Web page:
Tuesday, January 3, 2017

Torpedoing Econometric Randomized Controlled Trials

A very Happy New Year to all!

I get no pleasure from torpedoing anything, and "torpedoing" is likely exaggerated, but nevertheless take a look at "A Torpedo Aimed Straight at HMS Randomista". It argues that many econometric randomized controlled trials (RCT's) are seriously flawed -- not even internally valid -- due to their failure to use double-blind randomization. At first the non-double-blind critique may sound cheap and obvious, inviting you to roll your eyes and say "get over it". But ultimately it's not.

Note the interesting situation. Everyone these days is worried about external validity (extensibility), under the implicit assumption that internal validity has been achieved (e.g., see this earlier post). But the 
non-double-blind critique makes clear that even internal validity may be dubious in econometric RCT's as typically implemented.

The underlying research paper, "Behavioural Responses and the Impact of New Agricultural Technologies: Evidence from a Double-Blind Field Experiment in Tanzania", by Bulte et al., was published in 2014 in the American Journal of Agricultural Economics. Quite an eye-opener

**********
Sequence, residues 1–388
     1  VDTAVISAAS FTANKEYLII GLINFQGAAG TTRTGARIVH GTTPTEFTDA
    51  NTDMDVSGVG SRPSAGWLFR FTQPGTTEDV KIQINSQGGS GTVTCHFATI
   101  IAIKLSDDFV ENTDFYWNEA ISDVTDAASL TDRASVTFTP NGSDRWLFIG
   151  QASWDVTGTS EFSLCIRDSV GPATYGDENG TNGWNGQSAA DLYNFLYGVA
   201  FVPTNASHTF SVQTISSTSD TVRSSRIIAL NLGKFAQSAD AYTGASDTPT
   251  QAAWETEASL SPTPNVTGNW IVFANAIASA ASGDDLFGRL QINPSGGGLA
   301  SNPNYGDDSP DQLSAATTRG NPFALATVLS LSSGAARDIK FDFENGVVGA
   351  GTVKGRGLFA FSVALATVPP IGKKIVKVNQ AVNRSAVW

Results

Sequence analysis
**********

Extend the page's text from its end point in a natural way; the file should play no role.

.

Here's the abstract:

Randomized controlled trials in the social sciences are typically not double-blind, so participants know they are “treated” and will adjust their behavior accordingly. Such effort responses complicate the assessment of impact. To gauge the potential magnitude of effort responses we implement an open RCT and double-blind trial in rural Tanzania, and randomly allocate modern and traditional cowpea seed-varieties to a sample of farmers. Effort responses can be quantitatively important––for our case they explain the entire “treatment effect on the treated” as measured in a conventional economic RCT. Specifically, harvests are the same for people who know they received the modern seeds and for people who did not know what type of seeds they got, but people who knew they received the traditional seeds did much worse. We also find that most of the behavioral response is unobserved by the analyst, or at least not readily captured using coarse, standard controls.